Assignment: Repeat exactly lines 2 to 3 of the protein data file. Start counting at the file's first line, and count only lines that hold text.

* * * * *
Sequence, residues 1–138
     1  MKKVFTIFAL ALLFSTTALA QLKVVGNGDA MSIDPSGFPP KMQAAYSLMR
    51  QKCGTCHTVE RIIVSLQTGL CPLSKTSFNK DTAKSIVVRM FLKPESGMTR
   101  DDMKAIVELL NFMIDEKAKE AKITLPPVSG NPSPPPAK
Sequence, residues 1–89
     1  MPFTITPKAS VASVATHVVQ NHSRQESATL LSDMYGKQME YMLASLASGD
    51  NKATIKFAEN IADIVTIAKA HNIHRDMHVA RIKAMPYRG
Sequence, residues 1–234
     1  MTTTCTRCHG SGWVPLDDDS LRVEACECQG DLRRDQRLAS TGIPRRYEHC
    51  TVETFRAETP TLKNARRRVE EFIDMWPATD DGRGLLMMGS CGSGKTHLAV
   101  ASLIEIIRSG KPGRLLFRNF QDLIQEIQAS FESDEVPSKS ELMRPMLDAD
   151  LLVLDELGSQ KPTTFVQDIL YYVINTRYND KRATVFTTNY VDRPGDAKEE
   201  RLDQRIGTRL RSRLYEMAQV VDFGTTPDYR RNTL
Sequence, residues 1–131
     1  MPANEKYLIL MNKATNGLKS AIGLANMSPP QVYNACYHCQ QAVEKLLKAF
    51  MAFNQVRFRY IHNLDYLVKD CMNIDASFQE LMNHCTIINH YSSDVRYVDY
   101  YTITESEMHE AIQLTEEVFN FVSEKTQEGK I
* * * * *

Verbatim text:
     1  MKKVFTIFAL ALLFSTTALA QLKVVGNGDA MSIDPSGFPP KMQAAYSLMR
    51  QKCGTCHTVE RIIVSLQTGL CPLSKTSFNK DTAKSIVVRM FLKPESGMTR